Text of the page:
by Lou Stoops

Of all our bodily organs, the one requiring the most energy is the inner ear. Why you ask? Perhaps it is because listening is so important. Too few people do it very well and there’s nothing worse than being in conversation with someone that listens in a superficial manner.

It was just such a problem that once prompted President Franklin Roosevelt to play a prank on guests filing through a White House reception line. The President decided that people weren’t actually paying attention to him when he greeted them, so as he shook hands with each guest, he gave them a big smile and said, “I murdered my grandmother this morning.” No one noticed! They gave the standard responses such as “How lovely!” or “Keep up the good work.” Roosevelt got a big laugh out of it but I doubt those who blundered in their listening skills were very proud.

Researchers indicate that people listen best when they perceive the topic to be of value or unusual or threatening. Achievers learn to regard every encounter as having merit and they listen attentively to gain understanding.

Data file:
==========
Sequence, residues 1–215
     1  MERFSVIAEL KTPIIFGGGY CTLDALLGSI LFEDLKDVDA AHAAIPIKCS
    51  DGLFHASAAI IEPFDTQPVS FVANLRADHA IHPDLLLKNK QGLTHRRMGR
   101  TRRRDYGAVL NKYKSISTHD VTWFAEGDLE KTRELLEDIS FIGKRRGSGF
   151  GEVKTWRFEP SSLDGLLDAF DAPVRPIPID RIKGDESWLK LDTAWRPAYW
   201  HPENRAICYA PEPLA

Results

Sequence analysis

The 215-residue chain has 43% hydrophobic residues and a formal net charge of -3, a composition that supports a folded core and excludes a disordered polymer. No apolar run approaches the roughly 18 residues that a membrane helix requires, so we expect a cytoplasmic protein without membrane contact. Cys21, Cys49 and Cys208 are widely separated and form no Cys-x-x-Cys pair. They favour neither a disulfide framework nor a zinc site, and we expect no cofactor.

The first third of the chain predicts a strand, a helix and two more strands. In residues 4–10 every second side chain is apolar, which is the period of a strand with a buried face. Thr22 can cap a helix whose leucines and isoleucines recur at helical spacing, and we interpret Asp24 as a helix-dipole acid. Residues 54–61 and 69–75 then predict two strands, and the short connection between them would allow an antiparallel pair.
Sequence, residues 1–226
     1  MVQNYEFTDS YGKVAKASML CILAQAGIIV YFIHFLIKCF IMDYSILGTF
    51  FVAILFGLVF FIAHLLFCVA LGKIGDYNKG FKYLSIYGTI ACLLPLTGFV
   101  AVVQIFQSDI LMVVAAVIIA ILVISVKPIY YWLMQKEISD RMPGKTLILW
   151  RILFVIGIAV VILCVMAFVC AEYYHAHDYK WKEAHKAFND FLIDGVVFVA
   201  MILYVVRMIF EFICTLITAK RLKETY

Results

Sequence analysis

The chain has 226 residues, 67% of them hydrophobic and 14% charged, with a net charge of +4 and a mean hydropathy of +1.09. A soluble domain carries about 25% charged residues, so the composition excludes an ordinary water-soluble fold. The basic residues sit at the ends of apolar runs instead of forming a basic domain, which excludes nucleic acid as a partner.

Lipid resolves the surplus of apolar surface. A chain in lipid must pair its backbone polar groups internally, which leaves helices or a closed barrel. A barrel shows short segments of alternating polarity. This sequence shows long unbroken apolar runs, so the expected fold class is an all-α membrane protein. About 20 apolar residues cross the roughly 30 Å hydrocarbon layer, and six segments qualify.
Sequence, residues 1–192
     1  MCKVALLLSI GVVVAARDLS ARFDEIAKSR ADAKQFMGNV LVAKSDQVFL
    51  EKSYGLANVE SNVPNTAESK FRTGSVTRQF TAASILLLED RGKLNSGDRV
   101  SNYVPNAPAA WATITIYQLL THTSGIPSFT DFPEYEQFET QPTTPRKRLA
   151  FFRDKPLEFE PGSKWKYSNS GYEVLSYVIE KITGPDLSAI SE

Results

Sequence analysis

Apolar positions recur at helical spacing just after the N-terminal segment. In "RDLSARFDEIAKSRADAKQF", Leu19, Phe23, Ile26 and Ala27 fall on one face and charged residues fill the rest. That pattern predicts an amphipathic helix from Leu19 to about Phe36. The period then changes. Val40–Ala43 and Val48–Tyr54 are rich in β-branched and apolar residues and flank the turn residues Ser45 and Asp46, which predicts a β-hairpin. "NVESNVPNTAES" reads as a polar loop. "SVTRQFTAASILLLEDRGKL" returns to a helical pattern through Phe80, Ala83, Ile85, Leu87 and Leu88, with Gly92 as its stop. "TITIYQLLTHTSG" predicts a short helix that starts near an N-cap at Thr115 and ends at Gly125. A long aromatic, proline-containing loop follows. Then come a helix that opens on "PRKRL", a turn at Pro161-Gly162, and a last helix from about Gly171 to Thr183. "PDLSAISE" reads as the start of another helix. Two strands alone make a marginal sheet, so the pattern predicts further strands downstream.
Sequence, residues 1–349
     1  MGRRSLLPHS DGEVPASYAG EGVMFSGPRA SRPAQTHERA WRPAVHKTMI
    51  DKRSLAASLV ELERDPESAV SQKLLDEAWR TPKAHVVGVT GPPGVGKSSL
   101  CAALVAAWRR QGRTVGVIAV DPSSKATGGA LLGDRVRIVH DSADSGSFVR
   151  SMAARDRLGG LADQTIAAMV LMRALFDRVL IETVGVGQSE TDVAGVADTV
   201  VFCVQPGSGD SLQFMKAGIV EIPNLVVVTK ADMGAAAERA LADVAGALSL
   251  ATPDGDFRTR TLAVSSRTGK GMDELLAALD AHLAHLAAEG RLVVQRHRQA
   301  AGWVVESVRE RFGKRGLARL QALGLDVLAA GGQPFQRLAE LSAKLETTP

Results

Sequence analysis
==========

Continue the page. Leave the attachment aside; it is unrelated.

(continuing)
One example of a good listener was the late Ray Kroc, founder of McDonalds. Kroc was always looking for a product that would uniquely meet the needs of a vast marketplace. Sometimes he was successful, sometimes not so successful. During the 1950’s he decided that McDonald’s needed to offer a dessert and what would be better than his own mom’s Kolacky, a Bohemian delicacy she made for him. One problem, no one bought it!

Another Kroc innovation was the Hulaburger; two slices of cheese and a grilled pineapple ring on a toasted bun! Never heard of it? No wonder, no one bought it! Another failure.

The menu McDonald’s has come to be famous for, the Big Mac, Egg McMuffin and other favorites came about not as result of Ray Kroc’s ingenuity, but by listening to the franchise holders out in the trenches of the marketplace. Listening allowed Kroc to stumble into the great wealth builder that McDonald’s has proved to be.

Listening has great value in enhancing your likelihood of achievement. Besides, as Wilson Mizner once said, “A good listener is not only popular everywhere, but after a while he knows something.”

© ~ Developing Leaders from the Inside Out ~ Used with authors permission. For personal and small group use. Further distribution granted in this format if proper credits are maintained.

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